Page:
Results Summary and Professional Abstract
Final Research Report
View this project's final research report.
Related PCORI Dissemination and Implementation Project
|Results Highlights: The PCORnet® Bariatric Study, which is using data from PCORnet, The National Patient-Centered Clinical Research Network, to study outcomes among patients who undergo common weight-loss surgeries, has published several papers in prominent medical journals. The most recent clinical findings, published in JAMA Surgery, are on diabetes remission outcomes among patients who underwent gastric bypass and gastric sleeve surgeries. Another article, also published in JAMA Surgery, details the five-year outcomes of patients who underwent either gastric bypass or adjustable banding, finding that gastric bypass patients were significantly more likely than gastric sleeve patients to end up back in the hospital in the years following surgery.|
Results of This Project
Partnering to Help People with Obesity Better Understand Their Surgical Options
Read more about how this study used vast data from PCORnet®, The National Patient-Centered Clinical Research Network, to study outcomes among the three most common weight-loss surgeries.
Bariatric (Weight-Loss) Surgery to Treat Type 2 Diabetes
"Diabetes Discoveries & Practice Blog," National Institute of Diabetes and Digestive and Kidney Diseases
In a Q&A, Principal Investigator David Arterburn describes this study's findings and discusses bariatric surgery guidelines for patients with type 2 diabetes.
Helping Patients Choose between Weight Loss Surgery Options
David Arterburn, MD, MPH, shares the main findings of the PCORnet® Bariatric Study, which compared risks and benefits of the most common types of bariatric surgery to help patients with obesity make informed choices with their physicians.
Comparing Two Types of Weight Loss Surgery
Bariatric surgery can help people with obesity lose weight, among other potential benefits. But surgery can also cause harm, and outcomes may vary across different procedures. A recent PCORI-funded study compared the benefits and harms of the two most common types of bariatric surgery. The findings can help clinicians and patients work together to make informed decisions regarding patient care.
Peer review of PCORI-funded research helps make sure the report presents complete, balanced, and useful information about the research. It also assesses how the project addressed PCORI’s Methodology Standards. During peer review, experts read a draft report of the research and provide comments about the report. These experts may include a scientist focused on the research topic, a specialist in research methods, a patient or caregiver, and a healthcare professional. These reviewers cannot have conflicts of interest with the study.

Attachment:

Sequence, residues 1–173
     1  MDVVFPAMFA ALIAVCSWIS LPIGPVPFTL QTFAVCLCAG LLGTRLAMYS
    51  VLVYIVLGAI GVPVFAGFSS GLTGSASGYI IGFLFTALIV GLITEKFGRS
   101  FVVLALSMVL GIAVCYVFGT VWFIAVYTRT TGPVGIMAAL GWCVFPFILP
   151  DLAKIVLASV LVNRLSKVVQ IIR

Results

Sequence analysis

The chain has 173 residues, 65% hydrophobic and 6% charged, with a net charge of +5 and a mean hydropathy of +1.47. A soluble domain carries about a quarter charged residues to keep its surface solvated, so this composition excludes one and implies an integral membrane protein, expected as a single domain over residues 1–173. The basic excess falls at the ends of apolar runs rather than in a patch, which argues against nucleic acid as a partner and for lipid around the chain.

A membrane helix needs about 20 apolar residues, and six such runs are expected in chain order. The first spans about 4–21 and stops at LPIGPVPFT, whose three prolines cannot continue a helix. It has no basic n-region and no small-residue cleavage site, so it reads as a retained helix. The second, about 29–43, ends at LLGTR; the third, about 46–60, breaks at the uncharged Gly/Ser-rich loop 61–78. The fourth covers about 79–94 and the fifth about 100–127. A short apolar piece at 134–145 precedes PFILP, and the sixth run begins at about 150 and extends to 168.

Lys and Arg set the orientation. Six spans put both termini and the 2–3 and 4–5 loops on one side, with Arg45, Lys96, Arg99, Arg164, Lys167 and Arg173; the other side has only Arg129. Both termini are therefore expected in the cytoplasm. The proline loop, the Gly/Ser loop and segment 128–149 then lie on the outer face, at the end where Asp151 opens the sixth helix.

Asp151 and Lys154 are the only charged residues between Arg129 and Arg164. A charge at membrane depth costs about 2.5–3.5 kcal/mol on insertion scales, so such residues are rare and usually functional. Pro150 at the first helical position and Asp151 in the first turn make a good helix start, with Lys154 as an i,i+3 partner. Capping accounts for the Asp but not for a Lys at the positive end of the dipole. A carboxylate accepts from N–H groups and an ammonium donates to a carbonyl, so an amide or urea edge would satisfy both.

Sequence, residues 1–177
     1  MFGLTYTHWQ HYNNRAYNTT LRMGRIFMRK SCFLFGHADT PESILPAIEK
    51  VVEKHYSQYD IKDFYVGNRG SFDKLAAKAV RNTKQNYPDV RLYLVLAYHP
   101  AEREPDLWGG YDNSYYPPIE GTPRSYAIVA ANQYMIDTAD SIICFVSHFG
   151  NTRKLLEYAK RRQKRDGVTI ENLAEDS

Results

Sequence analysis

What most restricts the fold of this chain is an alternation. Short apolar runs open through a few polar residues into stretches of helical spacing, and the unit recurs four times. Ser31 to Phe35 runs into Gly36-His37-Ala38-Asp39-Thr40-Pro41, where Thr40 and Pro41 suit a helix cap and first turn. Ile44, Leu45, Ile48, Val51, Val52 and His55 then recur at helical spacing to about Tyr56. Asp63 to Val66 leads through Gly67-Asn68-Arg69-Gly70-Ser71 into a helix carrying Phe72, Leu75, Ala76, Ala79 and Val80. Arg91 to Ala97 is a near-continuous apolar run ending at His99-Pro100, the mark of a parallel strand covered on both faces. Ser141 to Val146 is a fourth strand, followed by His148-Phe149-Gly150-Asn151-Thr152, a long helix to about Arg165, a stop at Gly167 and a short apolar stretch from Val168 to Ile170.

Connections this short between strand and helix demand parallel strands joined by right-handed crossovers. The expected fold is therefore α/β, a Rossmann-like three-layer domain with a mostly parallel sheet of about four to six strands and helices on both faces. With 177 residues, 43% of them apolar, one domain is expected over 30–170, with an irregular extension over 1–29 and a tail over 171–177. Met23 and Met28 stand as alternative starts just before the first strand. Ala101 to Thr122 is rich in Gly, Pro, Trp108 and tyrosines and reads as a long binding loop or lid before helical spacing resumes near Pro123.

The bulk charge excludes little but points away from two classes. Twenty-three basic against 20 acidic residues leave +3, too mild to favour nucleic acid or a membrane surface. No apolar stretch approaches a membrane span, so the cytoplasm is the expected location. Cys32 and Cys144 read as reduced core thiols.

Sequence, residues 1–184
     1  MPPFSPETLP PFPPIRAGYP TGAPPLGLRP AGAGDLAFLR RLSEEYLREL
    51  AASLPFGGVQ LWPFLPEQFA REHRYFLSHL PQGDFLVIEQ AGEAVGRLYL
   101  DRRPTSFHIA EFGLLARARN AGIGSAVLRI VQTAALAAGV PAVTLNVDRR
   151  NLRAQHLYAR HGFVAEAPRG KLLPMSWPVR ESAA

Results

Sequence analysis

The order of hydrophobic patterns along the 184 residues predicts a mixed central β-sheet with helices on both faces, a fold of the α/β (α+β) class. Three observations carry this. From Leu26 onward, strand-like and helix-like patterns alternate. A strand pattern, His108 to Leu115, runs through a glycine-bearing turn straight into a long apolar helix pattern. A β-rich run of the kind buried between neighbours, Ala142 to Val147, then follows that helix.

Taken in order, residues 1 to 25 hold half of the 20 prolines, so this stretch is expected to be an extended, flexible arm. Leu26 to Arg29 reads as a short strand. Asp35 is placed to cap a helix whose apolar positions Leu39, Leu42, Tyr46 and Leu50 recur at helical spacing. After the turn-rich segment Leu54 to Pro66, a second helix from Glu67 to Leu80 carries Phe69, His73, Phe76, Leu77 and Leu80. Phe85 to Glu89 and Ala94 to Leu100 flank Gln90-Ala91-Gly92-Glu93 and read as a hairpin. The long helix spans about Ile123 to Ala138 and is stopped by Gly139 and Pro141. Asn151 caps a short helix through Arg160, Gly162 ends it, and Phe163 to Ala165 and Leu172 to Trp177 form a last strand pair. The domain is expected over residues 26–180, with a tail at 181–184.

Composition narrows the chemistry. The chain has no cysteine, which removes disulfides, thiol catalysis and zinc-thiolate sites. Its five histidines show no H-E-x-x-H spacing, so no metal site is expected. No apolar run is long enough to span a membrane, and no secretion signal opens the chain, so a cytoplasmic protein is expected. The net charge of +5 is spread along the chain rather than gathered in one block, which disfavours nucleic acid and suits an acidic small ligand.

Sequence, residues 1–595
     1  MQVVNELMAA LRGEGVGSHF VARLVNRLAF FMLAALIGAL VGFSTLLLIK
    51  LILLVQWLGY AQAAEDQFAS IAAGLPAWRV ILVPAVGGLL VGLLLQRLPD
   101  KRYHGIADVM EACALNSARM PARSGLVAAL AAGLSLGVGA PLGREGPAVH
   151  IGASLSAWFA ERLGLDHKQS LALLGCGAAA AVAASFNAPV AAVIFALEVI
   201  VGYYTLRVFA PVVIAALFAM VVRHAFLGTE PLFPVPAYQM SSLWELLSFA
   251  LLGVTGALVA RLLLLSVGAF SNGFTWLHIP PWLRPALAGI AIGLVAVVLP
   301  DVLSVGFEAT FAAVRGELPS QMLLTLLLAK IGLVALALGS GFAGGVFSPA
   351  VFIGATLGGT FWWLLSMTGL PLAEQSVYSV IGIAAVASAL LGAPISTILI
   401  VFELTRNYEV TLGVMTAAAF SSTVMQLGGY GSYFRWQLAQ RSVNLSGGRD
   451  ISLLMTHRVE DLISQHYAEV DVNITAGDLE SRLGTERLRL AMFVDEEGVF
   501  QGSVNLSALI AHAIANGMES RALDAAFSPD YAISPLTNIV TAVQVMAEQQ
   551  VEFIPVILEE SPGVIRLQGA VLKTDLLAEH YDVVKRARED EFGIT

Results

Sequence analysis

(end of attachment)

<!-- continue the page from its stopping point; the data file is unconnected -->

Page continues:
The peer reviewers point out where the draft report may need revision. For example, they may suggest ways to improve descriptions of the conduct of the study or to clarify the connection between results and conclusions. Sometimes, awardees revise their draft reports twice or more to address all of the reviewers’ comments.
Peer reviewers commented and the researchers made changes or provided responses. Those comments and responses included the following:
- The reviewers asked why the researchers did not perform propensity score analyses on some specific parts of the study, such as safety outcomes, to account for any differences between groups in this observational study. The researchers explained that they found the propensity score adjustments did not change results enough to warrant accepting certain assumptions and checking propensity distributions. In addition, because the hypotheses in these studies were associative instead of causal, the reviewers felt that the covariate adjustment was sufficient without a propensity score adjustment.
- The reviewers asked whether the researchers specified subgroup analyses in advance and whether they were driven by hypotheses. The researchers responded that they specified all subgroup analyses in advance but that they considered the analyses exploratory rather than driven by hypotheses.
- The reviewers asked why in the qualitative study, patient feedback was sought in focus groups rather than in individual interviews. Since obesity and bariatric surgery can be socially sensitive topics, the reviewers noted that having to answer questions in a group setting may have affected responses. The researchers said funding constraints did not allow for individual interviews, particularly since they wanted to maximize sample size and representation of patients from different parts of the country. They acknowledged that using focus groups was a limitation of the study.
- The reviewers asked why the frequency of obesity-related cancers, including colorectal cancer, was not analyzed as an outcome. The researchers explained that they excluded patients with certain types of cancers, especially gastrointestinal (GI) cancers, because some patients with GI cancer will undergo a procedure for the cancer that is coded the same as bariatric surgery in electronic health records.
Conflict of Interest Disclosures
View the COI disclosure form.
Individuals with Multiple Chronic/co-morbid Conditions
^Kaiser Permanente acquired Group Health Cooperative in February 2017.